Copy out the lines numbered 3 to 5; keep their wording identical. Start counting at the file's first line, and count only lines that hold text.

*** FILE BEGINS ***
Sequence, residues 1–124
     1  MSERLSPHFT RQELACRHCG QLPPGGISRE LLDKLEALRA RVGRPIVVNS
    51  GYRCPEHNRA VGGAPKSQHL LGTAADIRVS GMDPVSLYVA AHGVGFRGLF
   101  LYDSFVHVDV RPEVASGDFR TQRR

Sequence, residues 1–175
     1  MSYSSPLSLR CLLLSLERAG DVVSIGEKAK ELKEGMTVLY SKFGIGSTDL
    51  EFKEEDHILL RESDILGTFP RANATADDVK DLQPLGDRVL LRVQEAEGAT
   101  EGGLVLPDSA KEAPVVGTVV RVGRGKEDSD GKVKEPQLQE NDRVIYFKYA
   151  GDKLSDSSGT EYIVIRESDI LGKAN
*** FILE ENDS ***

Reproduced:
    51  GYRCPEHNRA VGGAPKSQHL LGTAADIRVS GMDPVSLYVA AHGVGFRGLF
   101  LYDSFVHVDV RPEVASGDFR TQRR

Sequence, residues 1–175